The Adventures of Ginger, Bog, and Barf – Ex Maple Guardian 0802

By Capt R.A. Cooper
24 November 2008

From 14 October to 3 November, C Squadron capped off its seven weeks in Wainwright with Ex Maple Guardian 0802 (Ex MG 0802). This exercise took place in a Level 6/7 (Battle Group/Brigade) context, and was the standard by which the 2 R22eR Battle Group was declared operationally ready by the CLS, LGen Leslie. Ex MG serials test deploying task forces in a realistic environment against a dynamic, thinking enemy, provided by the almost 300 strong CMTC COEFOR, a mix of military and civilian actors playing everything from civilians to insurgents. The “score” was kept by the Weapons Effects System (WES), a high-tech “laser tag” system that linked everything from dismounted soldiers and civilians to our Leopard C2 MBTs and everything in between.

In addition, C Squadron was privileged to have a very experienced Armour Observer/Controller (OCT) team staffed by Maj Mark Lubiniecki, Capt Marshall Douglas, MWO Bill Crabbe, WO Tony Mosher, and WO John Harju. This very operationally experienced crew provided 24 hour coverage and a great deal of “sober second thought” for the Squadron. The OCTs kept the squadron honest about its performance and provided a great deal of excellent feedback and lessons learned through the After Action Review process.

Right from the Transfer of Command Authority (TOCA) at 1200 hrs on 20 October, “Wainghanistan” lit up with enemy contacts, mines and IEDs. The operational pace for the squadron and BG never let up, with at least nine major BG directed operations, multiple daily QRF calls, and RPG and Mortar attacks on FOB Mas’um Ghar Wx (Centurion Field), our home away from home. Despite the relentless pace, morale within the squadron remained excellent, at least partially due to the nicknames of the three Troop Leaders.

1st Troop was commanded by Lt Dan Gray, also known as “Ginger” by peers and subordinates alike. 3rd (Op Reserve) Troop was led by Lt Graham Kallos, who went through many nicknames before he walked into an evening coord session after a long day of fighting with a mottled pattern of dirt on his face that immediately stuck a chord with squadron leadership born before 1980. In his combat gear and helmet with brown patches of dust, he was a dead ringer for “Barf”, John Candy’s character from Space Balls. Barf was a Mog (half man/half dog), and soon Lt Kallos could be heard telling his soldiers: “I’m my own best friend.”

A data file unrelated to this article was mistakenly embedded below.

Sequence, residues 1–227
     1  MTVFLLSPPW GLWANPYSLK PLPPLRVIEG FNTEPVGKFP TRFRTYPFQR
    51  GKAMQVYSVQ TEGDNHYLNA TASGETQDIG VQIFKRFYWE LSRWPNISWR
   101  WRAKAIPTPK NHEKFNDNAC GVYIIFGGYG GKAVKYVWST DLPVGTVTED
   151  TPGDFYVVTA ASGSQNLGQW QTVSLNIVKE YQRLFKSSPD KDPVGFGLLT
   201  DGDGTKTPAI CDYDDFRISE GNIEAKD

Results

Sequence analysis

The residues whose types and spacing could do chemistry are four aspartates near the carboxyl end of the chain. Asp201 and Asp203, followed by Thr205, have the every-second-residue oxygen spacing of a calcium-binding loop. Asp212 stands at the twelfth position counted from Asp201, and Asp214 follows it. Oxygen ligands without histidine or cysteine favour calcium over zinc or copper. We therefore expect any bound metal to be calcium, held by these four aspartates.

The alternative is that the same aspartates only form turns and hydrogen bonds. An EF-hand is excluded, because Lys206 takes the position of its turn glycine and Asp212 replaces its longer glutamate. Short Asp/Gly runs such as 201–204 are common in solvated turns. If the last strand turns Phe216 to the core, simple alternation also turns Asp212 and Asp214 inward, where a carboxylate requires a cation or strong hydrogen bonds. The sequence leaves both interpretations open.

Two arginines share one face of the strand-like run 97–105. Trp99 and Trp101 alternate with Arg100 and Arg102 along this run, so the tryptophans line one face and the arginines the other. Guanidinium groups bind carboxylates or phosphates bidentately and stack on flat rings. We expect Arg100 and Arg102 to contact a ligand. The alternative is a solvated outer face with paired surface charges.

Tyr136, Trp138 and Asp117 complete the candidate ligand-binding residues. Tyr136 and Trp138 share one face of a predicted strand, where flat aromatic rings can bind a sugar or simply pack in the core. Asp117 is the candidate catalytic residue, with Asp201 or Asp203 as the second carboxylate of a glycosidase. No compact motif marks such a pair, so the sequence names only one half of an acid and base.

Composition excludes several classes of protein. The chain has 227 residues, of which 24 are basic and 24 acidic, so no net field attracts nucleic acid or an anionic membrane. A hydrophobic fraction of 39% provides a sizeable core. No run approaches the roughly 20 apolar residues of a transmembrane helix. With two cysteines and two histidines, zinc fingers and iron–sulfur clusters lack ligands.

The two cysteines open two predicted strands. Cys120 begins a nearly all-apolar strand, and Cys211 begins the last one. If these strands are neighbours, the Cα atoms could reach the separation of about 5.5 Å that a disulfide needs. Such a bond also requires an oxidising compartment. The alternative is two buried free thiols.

2nd Troop, under command of Lt Adam Brown, was more difficult to pin down. The SSM, MWO Richard Stacey, decided early on that his name was “Smirk”, but it wasn’t adopted by his soldiers and didn’t stick. His walk bore a strong resemblance to the A&W mascot, “Root Bear”, but that name didn’t feel right. It wasn’t until a B Company Combat Team operation on 1 November that he truly found his niche through his own actions.

During Op OQAB WAHEL, 1st and 2nd Troops under command of our RCD import, Capt Dave Gottfried, deployed into Shah Wali Kot district with B Coy CT. The goal of the Combat Team was to disrupt insurgent operations and clear the district of an effective insurgent presence. During the heat of the moment, Lt Brown and some infantry attachments gave chase to a red Chevrolet Silverado in the badlands south of Highway 4 (Blue Route). In a valiant attempt to cut off the fleeing pickup, Lt Brown attempted to skirt a small lake, forgetting that age old adage: “where bullrushes grow, tanks do not go.” His tank promptly sunk up to the sideskirts. His Tp WO, WO Ted Amos, wisely decided not to follow, and “Bog” was born.

During the 14 days of force on force operations for Ex MG 0802, C Squadron participated in nine deliberate operations, responded to eighteen QRF calls, participated in framework operations, and endured mortar and direct fire attacks in many of the FOBs it stayed in. Throughout, the squadron did not detonate a single insurgent IED or mine, though it discovered many and breached a number of mine fields. Many valuable lessons learned were drawn from both the OCTs and each other, and the squadron truly became part of the 2 R22eR BG family.

Despite the many adventures, everyone in C Squadron heaved a large sigh of relief when the bus finally pulled back into the parking lot of the Harvey Building at 2200 hrs on 4 November. It had been a long time coming, but C Squadron was finally home, at least for a little while…